The Burgess Concentric Zone Model was created in the 1920's by American geographer E.W. Burgess. Burgess divided cities into five key zones, with the CBD in the center. He suggested that a city would develop its land use in all directions around the Central Business District - the Loop. This would have adverse effects for the shopping district of Belmont-Ashland-Belmont District in old Lake View.
Burgess' groundbreaking research, in conjunction with his colleague, Robert E. Park, provided the foundation for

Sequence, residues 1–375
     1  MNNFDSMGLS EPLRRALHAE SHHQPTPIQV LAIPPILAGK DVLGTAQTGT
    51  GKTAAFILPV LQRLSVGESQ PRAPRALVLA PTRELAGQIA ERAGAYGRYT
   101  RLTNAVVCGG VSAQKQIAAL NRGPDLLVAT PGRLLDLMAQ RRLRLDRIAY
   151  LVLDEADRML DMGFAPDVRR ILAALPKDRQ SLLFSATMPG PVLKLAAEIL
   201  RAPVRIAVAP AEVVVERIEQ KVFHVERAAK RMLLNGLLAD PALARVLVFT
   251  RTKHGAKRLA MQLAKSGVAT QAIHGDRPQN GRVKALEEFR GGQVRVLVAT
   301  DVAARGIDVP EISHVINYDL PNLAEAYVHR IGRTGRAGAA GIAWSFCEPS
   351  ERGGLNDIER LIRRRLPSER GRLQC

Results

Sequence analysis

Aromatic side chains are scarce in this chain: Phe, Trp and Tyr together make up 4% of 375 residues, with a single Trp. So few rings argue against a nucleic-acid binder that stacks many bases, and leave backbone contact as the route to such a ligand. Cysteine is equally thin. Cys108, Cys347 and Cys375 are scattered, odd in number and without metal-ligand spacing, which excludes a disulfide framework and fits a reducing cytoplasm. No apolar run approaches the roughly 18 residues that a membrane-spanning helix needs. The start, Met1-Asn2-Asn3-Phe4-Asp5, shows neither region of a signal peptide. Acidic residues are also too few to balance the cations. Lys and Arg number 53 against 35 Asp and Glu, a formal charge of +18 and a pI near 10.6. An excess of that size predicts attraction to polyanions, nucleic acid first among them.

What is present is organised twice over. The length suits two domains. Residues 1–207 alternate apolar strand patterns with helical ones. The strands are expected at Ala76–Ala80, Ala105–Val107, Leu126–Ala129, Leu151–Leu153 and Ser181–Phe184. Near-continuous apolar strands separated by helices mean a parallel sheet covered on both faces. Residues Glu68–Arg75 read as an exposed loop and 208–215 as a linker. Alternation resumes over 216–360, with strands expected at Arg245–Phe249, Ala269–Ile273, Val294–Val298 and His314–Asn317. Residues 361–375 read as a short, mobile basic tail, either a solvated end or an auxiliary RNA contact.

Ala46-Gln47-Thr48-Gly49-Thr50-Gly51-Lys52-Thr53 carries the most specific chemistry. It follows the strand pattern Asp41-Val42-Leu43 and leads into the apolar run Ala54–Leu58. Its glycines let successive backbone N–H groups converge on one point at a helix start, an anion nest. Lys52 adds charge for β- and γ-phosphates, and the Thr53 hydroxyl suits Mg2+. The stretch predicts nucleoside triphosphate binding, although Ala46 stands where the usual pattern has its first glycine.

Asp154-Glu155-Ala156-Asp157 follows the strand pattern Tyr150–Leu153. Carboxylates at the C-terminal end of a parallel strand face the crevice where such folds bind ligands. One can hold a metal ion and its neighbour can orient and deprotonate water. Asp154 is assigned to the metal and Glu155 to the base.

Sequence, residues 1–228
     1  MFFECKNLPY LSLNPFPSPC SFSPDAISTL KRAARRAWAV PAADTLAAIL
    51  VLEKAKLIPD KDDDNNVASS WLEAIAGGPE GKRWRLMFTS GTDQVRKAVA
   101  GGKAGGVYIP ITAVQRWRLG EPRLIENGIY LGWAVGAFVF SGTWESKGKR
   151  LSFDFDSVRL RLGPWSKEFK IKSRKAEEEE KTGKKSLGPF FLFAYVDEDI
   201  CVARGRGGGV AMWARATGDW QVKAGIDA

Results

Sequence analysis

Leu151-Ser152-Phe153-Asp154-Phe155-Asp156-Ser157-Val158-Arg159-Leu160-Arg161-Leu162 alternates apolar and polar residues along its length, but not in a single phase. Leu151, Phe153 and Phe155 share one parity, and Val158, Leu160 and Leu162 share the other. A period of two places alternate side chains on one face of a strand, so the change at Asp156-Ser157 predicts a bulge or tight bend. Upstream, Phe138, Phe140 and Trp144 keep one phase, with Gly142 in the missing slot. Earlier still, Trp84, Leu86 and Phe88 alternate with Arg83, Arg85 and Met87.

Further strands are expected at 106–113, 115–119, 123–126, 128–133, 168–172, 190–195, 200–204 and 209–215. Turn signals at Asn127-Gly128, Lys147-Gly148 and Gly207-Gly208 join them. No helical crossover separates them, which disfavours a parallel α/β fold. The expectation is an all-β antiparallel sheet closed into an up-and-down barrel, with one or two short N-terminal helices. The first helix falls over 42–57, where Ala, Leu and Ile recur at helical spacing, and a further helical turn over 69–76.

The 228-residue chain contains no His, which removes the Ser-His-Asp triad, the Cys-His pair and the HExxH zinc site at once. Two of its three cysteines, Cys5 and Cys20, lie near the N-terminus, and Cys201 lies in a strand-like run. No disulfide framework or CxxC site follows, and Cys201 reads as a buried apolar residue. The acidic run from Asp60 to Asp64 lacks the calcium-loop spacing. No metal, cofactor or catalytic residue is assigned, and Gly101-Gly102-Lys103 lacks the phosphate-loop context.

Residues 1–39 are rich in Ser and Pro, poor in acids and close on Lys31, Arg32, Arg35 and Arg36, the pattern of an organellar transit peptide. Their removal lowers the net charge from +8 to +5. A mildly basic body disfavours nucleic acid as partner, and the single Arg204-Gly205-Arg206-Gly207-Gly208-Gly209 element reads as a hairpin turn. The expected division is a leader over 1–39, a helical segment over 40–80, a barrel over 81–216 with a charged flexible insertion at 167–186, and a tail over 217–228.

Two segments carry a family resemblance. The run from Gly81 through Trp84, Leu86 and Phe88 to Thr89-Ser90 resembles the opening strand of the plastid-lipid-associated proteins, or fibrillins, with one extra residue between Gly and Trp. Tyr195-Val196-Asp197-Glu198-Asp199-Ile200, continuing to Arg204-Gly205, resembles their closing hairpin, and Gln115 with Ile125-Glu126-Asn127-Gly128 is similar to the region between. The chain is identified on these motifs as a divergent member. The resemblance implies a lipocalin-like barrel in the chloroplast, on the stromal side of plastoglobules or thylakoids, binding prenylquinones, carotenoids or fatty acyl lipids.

The Chicago School of thought concerning a typical urban environment. They both conceptualized the city into the concentric zones (Concentric zone model), including the central business district, transitional (industrial, deteriorating housing), working-class residential (tenements), residential, and commuter/suburban zones. They also viewed cities as something where experiences evoluted and changed, in the Darwinian sense. Scholars affiliated with the Local Community Research Committee (LCRC), a subset of the University of Chicago Social Science Research Committee, considered Chicago to be a “laboratory” for their urban research and the creation of these Community Areas was to be part of a scientific “controlled experiment”.